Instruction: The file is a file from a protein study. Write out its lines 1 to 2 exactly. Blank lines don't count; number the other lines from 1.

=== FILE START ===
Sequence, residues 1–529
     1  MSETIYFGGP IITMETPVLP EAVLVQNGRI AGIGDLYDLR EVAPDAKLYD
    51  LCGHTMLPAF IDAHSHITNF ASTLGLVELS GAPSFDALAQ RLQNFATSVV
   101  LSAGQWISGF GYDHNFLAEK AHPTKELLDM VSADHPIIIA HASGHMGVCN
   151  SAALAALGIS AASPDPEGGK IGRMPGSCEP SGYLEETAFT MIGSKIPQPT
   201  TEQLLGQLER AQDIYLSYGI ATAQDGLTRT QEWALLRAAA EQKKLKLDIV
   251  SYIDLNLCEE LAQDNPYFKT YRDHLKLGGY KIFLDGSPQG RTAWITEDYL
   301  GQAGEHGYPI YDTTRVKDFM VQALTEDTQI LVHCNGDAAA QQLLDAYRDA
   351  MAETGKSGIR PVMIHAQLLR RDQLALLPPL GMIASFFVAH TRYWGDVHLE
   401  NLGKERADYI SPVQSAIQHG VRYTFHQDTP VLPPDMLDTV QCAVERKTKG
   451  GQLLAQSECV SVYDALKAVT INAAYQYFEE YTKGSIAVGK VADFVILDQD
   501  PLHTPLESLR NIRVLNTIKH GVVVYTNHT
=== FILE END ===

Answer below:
Sequence, residues 1–529
     1  MSETIYFGGP IITMETPVLP EAVLVQNGRI AGIGDLYDLR EVAPDAKLYD